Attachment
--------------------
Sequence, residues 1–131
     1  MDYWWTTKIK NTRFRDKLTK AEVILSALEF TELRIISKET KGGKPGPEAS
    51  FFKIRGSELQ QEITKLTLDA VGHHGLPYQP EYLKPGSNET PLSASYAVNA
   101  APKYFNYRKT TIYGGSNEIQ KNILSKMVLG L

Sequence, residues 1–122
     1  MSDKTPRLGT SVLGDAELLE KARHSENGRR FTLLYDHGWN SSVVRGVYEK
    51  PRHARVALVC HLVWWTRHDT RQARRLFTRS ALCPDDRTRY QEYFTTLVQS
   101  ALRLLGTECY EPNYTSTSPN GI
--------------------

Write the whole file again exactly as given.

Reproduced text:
Sequence, residues 1–131
     1  MDYWWTTKIK NTRFRDKLTK AEVILSALEF TELRIISKET KGGKPGPEAS
    51  FFKIRGSELQ QEITKLTLDA VGHHGLPYQP EYLKPGSNET PLSASYAVNA
   101  APKYFNYRKT TIYGGSNEIQ KNILSKMVLG L

Sequence, residues 1–122
     1  MSDKTPRLGT SVLGDAELLE KARHSENGRR FTLLYDHGWN SSVVRGVYEK
    51  PRHARVALVC HLVWWTRHDT RQARRLFTRS ALCPDDRTRY QEYFTTLVQS
   101  ALRLLGTECY EPNYTSTSPN GI